Returning to Russia


Photo courtesy of Dr. Jeff Birkenstein

Amy Pollard, Column Editor

When Dr. Jeff Birkenstein went on the Russia trip with Dr. Jamie Olson last year, little did he know that just one year later he would be back – on a Fulbright Award.

The Fulbright Scholar Program, administered by the Council for International Exchange of Scholars, is a national program that sponsors American faculty members to teach and study abroad for a semester.

“In a way it’s like the Peace Corps for academics,” explains Birkenstein, who is a professor and Chair of the English Department at Saint Martin’s University.

As a Fulbright Scholar, Birkenstein will spend this semester at the Karelian State Pedagogical Academy (KSPA) in Petrozavodsk, Russia. He plans to divide his time between teaching and research, exploring the genre of short story and how Russian writers impacted the American short story.

“It will be fun to go back to Russia, where the short story is a very big genre,” Birkenstein says, reflecting that Russia has some of the “greats of the genre,” such as Anton Chekov, who influenced American short story writers.

He will be teaching Russian students who aspire to become English teachers. Outside of the classroom, Birkenstein will work closely with Igor Krasnov, a professor at KSPA, as he researches the short story and methods for teaching it.

Although Birkenstein is no stranger to traveling (having previously taught at Shanghai Maritime University and led numerous study tours, most recently the Italy trip), he knows that this experience abroad will be memorable. Ever since he joined Dr. Jamie Olson for the trip to Russia last year, he has wanted to return and study the short story in-depth.

“I like to combine travel and teaching,” Birkenstein explains. “I have a great life here in the Northwest of the United States, but at the same time, it’s refreshing to go somewhere else and to remind yourself that the whole world is not like the United States.”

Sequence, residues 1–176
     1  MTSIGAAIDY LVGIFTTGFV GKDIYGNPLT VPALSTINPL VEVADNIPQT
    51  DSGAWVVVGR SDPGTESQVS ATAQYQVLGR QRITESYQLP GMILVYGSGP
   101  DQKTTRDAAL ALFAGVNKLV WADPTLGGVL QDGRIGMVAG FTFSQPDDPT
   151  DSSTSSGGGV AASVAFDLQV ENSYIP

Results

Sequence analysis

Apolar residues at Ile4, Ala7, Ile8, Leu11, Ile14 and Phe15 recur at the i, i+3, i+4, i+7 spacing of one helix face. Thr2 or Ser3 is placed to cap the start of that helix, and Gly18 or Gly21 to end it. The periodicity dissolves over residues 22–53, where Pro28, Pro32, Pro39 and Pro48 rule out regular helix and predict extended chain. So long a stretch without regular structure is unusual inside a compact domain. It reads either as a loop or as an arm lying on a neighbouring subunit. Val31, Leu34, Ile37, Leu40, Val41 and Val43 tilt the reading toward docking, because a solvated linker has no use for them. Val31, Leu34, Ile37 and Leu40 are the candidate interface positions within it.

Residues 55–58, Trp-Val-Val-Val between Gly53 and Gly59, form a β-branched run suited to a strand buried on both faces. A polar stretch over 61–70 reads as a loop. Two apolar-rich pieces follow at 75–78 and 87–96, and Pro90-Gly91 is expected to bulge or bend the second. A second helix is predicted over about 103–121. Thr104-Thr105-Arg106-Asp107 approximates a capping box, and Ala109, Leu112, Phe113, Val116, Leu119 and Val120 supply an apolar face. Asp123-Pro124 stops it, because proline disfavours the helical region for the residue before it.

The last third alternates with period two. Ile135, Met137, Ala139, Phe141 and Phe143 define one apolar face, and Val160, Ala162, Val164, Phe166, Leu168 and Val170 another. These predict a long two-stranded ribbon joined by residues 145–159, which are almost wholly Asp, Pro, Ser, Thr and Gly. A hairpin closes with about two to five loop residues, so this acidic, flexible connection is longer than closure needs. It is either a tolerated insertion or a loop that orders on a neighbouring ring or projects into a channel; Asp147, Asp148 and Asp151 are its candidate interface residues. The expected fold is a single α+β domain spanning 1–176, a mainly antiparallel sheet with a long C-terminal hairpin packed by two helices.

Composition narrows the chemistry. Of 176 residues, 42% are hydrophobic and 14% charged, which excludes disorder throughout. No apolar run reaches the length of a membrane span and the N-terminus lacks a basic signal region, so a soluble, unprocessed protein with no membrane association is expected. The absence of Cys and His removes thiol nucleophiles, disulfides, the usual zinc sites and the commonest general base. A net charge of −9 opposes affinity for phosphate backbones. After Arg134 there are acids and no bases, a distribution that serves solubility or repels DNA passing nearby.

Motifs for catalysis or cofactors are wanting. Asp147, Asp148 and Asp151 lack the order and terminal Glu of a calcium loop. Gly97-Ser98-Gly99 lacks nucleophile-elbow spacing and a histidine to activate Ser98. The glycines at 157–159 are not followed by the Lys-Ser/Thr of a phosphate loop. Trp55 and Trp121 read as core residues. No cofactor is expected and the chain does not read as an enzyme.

Birkenstein plans to stay in an apartment that is about a 25-minute walk from campus. Although he will be teaching Russian students whose English is “very good”, he plans to brush up on his Russian.

“It’ll be fine on campus with the students and professors, but I’ll be going to the grocery store, to a bar, may be taking a couple weekend trips. I’ll be running into plenty of people who don’t speak English,” commented Birkenstein.

The Fulbright Award came as a surprise to Birkenstein, who was at first notified that he was an “alternate”. When friends lent support, the general consensus was no one gets the award the first time. However, right after he had come to terms with the news, Birkenstein received another notification. The status of his application had changed: he was now accepted.

“I’m really lucky,” he says, reflecting on the experience. “It’s exciting. It’s unexpected.”

During his semester abroad, Birkenstein hopes to build new connections and to strengthen existing ones.

“It’s just fun to go to another place, and talk to people who have pretty much the same interests as we do,” he remarks. “They want to get by in life, they want to love and be loved, but it’s through a different culture.”

He encourages students to look into the Russia trip in 2014. He also hopes that his Fulbright will help strengthen SMU’s connections with KSPA.

“It would be wonderful to setup some sort of exchange between students or teachers,” he comments. “The more levels of interaction we can have I think it’s better for everybody.”

Interested in the 2014 Russia trip? Contact Dr. Jamie Olson at

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